CHED - 863
A Material Evolution Narrative for General Chemistry in a Liberal Arts Environment.
Judith Herzfeld, Dept. of Chemistry, Brandeis Univ., Waltham, MA.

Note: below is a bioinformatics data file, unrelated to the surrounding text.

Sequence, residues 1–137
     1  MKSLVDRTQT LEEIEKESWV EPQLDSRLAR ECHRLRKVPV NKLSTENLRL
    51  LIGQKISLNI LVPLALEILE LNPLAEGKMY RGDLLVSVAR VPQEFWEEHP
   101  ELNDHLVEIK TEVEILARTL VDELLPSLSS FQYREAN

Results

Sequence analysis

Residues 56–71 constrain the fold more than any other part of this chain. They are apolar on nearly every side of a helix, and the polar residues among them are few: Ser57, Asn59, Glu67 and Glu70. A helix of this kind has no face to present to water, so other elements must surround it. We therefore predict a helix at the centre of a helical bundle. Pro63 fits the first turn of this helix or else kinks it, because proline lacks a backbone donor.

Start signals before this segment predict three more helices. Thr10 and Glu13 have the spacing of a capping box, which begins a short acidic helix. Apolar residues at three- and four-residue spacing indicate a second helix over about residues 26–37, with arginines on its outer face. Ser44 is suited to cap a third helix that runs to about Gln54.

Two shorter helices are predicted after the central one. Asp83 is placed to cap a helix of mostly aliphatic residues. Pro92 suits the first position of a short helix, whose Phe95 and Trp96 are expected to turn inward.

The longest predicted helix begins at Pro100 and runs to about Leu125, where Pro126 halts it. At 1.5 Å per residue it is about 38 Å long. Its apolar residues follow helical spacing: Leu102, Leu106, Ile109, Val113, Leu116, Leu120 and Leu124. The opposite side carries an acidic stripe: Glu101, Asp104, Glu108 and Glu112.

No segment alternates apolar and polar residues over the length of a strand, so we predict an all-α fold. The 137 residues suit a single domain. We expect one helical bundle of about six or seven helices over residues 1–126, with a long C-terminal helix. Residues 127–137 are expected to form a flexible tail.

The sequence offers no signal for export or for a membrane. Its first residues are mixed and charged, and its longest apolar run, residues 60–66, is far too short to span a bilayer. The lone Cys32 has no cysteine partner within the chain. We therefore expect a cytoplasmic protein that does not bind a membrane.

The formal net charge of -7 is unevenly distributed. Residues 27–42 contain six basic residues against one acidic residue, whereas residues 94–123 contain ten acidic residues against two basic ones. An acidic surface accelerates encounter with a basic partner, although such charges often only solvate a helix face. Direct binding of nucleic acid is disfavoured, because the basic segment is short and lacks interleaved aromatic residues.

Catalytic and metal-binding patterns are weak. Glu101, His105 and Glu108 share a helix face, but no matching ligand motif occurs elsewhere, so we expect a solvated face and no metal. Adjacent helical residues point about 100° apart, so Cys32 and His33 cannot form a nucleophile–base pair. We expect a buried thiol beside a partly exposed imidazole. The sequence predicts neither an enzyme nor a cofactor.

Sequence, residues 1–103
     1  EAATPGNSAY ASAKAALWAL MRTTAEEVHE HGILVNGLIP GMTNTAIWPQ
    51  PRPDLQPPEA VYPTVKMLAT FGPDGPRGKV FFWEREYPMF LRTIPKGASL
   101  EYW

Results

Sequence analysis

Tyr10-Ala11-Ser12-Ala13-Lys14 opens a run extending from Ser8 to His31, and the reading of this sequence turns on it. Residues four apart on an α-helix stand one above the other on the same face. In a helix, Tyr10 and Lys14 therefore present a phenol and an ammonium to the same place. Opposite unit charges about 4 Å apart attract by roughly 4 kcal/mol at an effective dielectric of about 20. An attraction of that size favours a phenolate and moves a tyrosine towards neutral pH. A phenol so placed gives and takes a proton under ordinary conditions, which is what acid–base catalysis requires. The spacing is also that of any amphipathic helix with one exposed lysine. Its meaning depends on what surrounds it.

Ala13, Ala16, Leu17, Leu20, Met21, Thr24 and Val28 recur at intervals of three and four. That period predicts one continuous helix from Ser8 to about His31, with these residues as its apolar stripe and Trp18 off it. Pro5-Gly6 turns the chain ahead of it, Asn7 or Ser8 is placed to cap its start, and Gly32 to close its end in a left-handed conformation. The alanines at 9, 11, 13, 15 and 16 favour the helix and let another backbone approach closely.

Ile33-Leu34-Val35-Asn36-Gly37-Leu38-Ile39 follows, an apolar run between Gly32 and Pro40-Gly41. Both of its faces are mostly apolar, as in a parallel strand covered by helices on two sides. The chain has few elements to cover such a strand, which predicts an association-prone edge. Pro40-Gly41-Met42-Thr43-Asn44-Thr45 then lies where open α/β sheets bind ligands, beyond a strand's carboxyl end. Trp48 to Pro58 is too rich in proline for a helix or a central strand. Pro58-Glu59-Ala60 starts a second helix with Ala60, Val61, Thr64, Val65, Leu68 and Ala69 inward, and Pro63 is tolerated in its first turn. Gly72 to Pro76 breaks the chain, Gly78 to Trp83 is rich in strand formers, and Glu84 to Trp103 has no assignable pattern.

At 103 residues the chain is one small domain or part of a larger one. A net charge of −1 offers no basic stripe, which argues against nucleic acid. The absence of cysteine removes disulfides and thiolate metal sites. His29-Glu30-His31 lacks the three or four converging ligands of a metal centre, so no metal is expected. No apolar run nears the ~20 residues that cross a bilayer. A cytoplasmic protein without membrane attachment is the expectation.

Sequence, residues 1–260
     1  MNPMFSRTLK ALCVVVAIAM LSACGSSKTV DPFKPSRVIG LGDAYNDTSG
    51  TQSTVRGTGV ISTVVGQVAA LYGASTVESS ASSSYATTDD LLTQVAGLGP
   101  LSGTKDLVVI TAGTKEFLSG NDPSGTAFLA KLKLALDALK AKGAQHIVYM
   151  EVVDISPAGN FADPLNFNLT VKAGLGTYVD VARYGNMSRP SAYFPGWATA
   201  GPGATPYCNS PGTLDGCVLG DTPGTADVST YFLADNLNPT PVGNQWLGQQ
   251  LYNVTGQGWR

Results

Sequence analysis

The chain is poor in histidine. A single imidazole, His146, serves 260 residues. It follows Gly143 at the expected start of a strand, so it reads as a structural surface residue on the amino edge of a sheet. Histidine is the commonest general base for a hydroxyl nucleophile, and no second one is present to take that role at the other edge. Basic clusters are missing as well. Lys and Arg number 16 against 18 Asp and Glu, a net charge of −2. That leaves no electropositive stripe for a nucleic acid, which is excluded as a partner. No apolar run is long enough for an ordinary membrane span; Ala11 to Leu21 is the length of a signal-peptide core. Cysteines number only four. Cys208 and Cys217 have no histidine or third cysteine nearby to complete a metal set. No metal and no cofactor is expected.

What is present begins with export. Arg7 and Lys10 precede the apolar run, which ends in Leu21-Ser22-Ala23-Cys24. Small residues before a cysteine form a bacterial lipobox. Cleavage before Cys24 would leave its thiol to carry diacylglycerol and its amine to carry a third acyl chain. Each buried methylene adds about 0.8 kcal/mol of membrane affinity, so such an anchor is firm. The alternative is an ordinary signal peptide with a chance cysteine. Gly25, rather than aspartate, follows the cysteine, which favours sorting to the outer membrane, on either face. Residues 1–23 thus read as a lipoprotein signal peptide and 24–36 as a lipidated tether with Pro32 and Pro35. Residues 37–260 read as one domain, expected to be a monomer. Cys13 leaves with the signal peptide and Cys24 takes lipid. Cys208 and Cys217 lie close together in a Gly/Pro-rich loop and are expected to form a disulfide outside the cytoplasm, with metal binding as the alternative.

General chemistry has a tightly packed curriculum, highly constrained by the expectations of succeeding science courses and medical schools. The result is often a fragmented presentation, with the relevance of the material illustrated by isolated and eclectic vignettes describing clever applications and, sometimes, unfortunate environmental consequences. In losing the forest among the trees, general chemistry is also seen as speaking less to liberal arts interests in the human condition than courses in particle physics, evolutionary biology, and neuroscience. To better hold student interest, and highlight the internal and external connections that underlie the scope and significance of the material, we have chosen to organize the topics of general chemistry according to a narrative describing the material evolution of the universe, from the big bang to human activity, in five stages: condensation, aqueous, prebiotic, biotic, and anthropic. Telling the story according to its own logic also promotes a natural balance in the exposure to the different subdisciplines of chemistry, from inorganic (the traditional focus of general chemistry) to organic, biomolecular, industrial, and environmental. In the pilot course, the new sequence was well received, although many students found it challenging to study nuclear chemistry first.